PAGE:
Former Trump NSA Robert C. O'Brien: Air Force Needs 300-400 B-21 Raiders

October 1, 2023 Topic: military Blog Brand: The Buzz Tags: B-21B-21 RaiderU.S. Air ForceChina

Former Trump NSA Robert C. O'Brien: Air Force Needs 300-400 B-21 Raiders

In comments given to the National Interest, former Trump National Security Advisor Robert C. O'Brien explained that the U.S. Air Force needs 300-400 B-21 Raider stealth bombers considering the growing threat from China's rising military might. 


In comments given to the National Interest, former Trump National Security Advisor Ambassador Robert C. O'Brien explained that the U.S. Air Force needs 300-400 B-21 Raider stealth bombers considering the growing threat from China's rising military might. 

O'Brien's B-21 comments are significant considering the role he could play in a future Republican Administration in 2025 and beyond, helping set defense and national security policy.


O'Brien was considered by most who observed the Trump national security team up close in Washington as knowledgeable, politically connected, and able to move between the MAGA/populist wing of the GOP and more neoconservative elements.

Many Republican defense hawks would consider O'Brien an excellent pick for Secretary of Defense, State, or even an outside chance at Vice President. 

The B-21 Raider: '300-400 Range' 

"The U.S. Air Force has placed an initial order for 100 Raiders. It has acknowledged a need for 175-200 bombers. In light of the rapidly growing PLA Navy fleet and recent reporting that the PLA Rocket Forces are building 1,000 ICBM silos, it is clear that the B-21 fleet should be in the 300-400 range," explained O'Brien to the National Interest

"Although the [B-21 Raider] program has been well run to date, given the poor performance of the Pentagon on recent major programs such as LCS and F-35, I am not sure the Air Force will ever reach the needed numbers for its bomber fleet."

'At Least 200' Needed: Other Conservative Military Analysts Agree on B-21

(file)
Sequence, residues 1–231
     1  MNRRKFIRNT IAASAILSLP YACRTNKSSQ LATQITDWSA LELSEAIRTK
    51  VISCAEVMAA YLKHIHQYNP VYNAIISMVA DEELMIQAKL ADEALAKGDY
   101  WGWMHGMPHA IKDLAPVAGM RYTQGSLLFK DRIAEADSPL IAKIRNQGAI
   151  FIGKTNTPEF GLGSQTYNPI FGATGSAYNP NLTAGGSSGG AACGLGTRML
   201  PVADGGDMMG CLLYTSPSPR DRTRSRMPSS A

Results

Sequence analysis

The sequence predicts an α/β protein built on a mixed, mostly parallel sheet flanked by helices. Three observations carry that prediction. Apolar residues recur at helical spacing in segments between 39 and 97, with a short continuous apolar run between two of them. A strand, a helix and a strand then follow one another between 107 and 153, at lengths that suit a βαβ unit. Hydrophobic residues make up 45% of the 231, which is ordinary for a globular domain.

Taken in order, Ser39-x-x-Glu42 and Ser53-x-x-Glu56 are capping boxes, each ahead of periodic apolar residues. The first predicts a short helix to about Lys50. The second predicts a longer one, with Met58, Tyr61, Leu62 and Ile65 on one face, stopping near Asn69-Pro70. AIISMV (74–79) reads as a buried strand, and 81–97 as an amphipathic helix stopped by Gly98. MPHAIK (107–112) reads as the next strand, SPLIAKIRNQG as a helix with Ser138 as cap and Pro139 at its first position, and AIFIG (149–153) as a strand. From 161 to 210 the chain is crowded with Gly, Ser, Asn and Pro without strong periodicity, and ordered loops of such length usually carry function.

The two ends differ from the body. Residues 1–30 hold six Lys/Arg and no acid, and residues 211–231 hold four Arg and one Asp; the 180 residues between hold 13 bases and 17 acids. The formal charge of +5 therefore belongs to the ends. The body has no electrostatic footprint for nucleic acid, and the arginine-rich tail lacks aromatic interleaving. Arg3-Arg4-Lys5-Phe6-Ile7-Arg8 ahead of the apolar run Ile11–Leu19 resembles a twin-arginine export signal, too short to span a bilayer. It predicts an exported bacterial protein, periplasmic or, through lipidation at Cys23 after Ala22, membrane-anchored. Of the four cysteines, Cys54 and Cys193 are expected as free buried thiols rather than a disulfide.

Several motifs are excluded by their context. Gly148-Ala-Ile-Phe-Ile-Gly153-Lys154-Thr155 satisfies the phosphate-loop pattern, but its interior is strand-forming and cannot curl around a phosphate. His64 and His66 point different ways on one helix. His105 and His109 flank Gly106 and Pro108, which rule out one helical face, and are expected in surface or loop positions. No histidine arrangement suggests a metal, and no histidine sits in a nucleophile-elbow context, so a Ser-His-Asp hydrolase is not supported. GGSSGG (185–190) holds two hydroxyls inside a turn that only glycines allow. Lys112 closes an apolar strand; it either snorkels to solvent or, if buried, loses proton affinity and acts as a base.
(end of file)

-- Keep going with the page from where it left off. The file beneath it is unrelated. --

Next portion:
Mackenzie Eaglen, a prominent defense analyst for the right-leaning American Enterprise Institute, or AEI, also had high hopes for a large fleet of new B-21 Raider bombers regarding the threat from China but explained that challenges remain. 

"America’s bombers are unique instruments of national power projection capable of striking any target, anywhere, at any time and therefore bolstering deterrence—or the prevention of war," explained Eaglen

She continued, noting that: "The Air Force’s new medium bomber means the United States is the only country on the planet that can hold targets at risk inside mainland China. This capability to carry more and larger missiles and sensors is especially needed at a time when it is increasingly harder to outrun, avoid, or defeat enemy missiles. Absent this new bomber capability, tomorrow could be the day Xi Jinping wakes up and decides using force to take Taiwan is a reasonable bet for his regime and his military.

But America’s bomber gap is wide and growing. The bomber fleet has plummeted from a high of over 400 aircraft at the end of the Cold War to today’s dangerously low level of 141. Global requirements currently demand an additional 50 Raiders above current plans of 100 or so.

But even the ambitious plans of the previous two national defense strategies are likely underestimating the expenditure rates of modern combat against highly-capable adversaries, or what would be required of bomber fleets in two conflicts simultaneously. The United States must avoid getting mugged by reality and build in slack and margin for its bomber fleet of this century and field at least 200 B-21s."  

O'Brien Seems Prescient on B-21 Challenges

While many analysts and top policymakers agree that the B-21 Raider is vital to the U.S. Air Force, building the new B-21 stealth bomber in large numbers won't be easy, something NSA O'Brien and Eaglen seemed to be hinting at.

A recent article in Forbes magazine argued that large numbers of Raider bombers won't be easy to field quickly as only ten can be acquired per year - by sometime in the 2030s.

About the Author and His Expertise 

Harry J. Kazianis (@Grecianformula or Email: [email protected]) is the new Senior Director of National Security Affairs at the Center for the National Interest. He also serves as Executive Editor of its publishing arm, The National Interest. He previously served as part of the foreign policy team for the 2016 presidential campaign of Senator Ted Cruz and the John Hay Initiative. Kazianis, in the past, also managed the foreign policy communications efforts of the Heritage Foundation, served as Editor-In-Chief of the Tokyo-based The Diplomat magazine, and as a WSD-Handa Fellow at the Center for Strategic and International Studies (CSIS): PACNET. Kazianis has held foreign policy fellowships at the Potomac Foundation and the University of Nottingham. He has provided expert commentary, op-eds, and analysis for many outlets, including The Wall Street JournalYonhap, The New York Times, HankyorehThe Washington Post, MSNBC, Fox News, Fox BusinessCNN, and others.

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